These two companies also collaborated to make a video game that kids can play using the toys from their happy meals. A smart strategy considering that as kids play the game over some time, the movie stays on their parents’ radar (ensuring they don’t forget about the film). Again, this website says the movie is “only in theaters”. We started to suspect this omission of the release date was an intentional tactic to create some mystery and compel the audience to search for the release date in their search engines.

When you Google the movie’s name and release date, you see a section with a large “July 8” displayed above the Marvel website. Putting the Marvel website right below the release date naturally makes the audience curious to click on the link. From there, the first thing you see on the site is a place to purchase movie tickets. The second thing you see at the very top of the page are buttons where you can purchase Marvel comics and browse a selected list of their movies and television shows. 

It’s all a very smooth, organic, and consistent user experience.




Bonobos, a subsidiary of Walmart, is a high-end menswear company based in New York with 63 locations throughout the United States. We bring them up because they have a unique integration between their website and brick-and-mortar stores.

Before you step inside a Bonobos store, they ask that you make an appointment on their website. A wise move because when you go to their website to do this, you’re greeted with text about sales they have going on. You’ll also encounter beautiful photos of their clothes. All this opens up an avenue for the customer to go ahead and buy on the website before they ever step foot in a Bonobos retail space.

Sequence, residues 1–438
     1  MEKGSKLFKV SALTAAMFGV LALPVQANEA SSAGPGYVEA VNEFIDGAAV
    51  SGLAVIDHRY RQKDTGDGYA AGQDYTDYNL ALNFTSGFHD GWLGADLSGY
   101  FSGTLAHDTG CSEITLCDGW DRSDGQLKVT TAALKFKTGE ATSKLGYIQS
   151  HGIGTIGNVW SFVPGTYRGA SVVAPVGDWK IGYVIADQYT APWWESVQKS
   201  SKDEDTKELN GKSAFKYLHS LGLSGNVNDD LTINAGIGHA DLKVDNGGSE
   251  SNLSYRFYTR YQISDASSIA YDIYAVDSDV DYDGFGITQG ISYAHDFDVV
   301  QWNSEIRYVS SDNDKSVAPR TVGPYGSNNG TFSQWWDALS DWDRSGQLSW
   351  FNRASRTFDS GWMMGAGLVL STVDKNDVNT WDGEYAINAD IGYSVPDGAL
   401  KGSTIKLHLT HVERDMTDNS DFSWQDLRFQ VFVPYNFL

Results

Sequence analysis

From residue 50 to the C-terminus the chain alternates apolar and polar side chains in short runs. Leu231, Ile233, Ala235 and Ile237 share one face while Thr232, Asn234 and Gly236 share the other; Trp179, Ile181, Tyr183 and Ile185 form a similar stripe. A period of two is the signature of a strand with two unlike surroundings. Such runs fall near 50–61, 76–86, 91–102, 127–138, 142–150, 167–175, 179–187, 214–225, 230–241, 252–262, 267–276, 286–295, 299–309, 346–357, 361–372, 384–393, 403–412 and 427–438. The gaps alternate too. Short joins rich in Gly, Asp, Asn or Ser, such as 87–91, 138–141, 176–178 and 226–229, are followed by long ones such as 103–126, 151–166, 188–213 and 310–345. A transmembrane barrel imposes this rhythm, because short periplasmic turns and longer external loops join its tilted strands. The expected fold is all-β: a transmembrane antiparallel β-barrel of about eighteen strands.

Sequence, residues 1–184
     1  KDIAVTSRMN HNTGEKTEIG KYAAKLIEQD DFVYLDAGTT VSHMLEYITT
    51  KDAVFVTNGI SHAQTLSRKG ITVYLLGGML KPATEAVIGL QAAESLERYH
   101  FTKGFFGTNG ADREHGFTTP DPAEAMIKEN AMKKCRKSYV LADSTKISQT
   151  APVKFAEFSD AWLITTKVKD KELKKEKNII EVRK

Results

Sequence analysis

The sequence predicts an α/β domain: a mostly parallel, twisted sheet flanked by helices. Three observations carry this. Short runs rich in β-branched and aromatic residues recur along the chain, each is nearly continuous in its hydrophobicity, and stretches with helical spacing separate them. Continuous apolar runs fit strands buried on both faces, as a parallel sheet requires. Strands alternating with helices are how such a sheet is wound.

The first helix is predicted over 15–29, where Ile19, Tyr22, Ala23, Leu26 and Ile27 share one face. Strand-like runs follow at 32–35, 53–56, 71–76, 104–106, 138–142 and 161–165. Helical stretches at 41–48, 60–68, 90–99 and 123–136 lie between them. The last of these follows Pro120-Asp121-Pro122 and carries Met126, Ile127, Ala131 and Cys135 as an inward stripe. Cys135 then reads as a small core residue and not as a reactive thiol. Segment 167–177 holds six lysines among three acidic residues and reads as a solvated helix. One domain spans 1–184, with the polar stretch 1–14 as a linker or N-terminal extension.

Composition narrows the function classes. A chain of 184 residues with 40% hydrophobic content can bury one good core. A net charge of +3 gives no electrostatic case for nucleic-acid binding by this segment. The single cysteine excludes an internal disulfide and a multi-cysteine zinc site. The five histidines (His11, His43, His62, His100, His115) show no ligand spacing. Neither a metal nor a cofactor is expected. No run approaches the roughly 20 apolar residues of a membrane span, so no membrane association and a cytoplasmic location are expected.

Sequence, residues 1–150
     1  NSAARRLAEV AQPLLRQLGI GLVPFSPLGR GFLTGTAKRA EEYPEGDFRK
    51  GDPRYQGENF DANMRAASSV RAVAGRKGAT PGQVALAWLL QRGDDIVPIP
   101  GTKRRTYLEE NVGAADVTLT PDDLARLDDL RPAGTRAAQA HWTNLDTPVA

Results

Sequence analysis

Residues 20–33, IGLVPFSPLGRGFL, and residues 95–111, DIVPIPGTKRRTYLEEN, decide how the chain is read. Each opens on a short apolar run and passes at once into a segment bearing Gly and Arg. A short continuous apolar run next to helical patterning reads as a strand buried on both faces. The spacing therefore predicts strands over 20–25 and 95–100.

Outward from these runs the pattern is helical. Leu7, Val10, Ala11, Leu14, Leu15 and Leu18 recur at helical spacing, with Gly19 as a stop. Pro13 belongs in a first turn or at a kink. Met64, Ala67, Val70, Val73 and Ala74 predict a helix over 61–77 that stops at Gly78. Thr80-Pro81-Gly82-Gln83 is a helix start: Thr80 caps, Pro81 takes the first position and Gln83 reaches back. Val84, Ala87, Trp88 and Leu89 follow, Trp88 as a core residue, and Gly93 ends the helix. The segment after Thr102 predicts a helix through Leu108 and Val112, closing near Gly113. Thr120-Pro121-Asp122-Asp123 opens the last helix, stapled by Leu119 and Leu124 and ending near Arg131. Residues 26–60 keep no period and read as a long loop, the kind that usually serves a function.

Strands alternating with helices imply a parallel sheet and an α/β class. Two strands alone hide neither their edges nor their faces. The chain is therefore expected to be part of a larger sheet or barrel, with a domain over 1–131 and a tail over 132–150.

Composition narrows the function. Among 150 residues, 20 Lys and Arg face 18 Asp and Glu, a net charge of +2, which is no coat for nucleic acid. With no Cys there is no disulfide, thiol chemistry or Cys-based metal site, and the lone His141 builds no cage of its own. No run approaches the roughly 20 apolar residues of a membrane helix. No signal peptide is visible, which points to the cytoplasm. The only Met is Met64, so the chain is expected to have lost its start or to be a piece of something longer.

Once you book an appointment and make your way to the store, you’ll discover another interesting feature…

You can’t purchase clothes in the store. 

But you might be offered a free beer and be given as much or as little attention as you’d like from their menswear experts. These experts will guide you through their various offerings and assist you by pulling items from their displays for you. They also take records of the sizes you wear, so there’s never any guessing for the next time you shop with them.

Because you can’t buy in-store, your attendant doesn’t feel pressured to push you into buying anything, nor do you feel pressured to buy. This results in your having a very pleasant experience. Once you’re done looking and trying things on, you can decide whether or not you want to purchase anything from the comfort of your home. Then Bonobos will ship your items to your door if you purchase.

They use their retail space as a showroom and a place for customers to experience their brand. We’re sure this experience sticks with customers long after they leave, meaning repeat customers.

We’re convinced that if you sell products in a retail store, you should strive to give your customers a cohesive experience across all your touch points alongside a seamless, connected experience. Legacy Retail is a team of retail professionals with the tools, talent, and knowledge to help you win across all retail channels. To learn more, click here.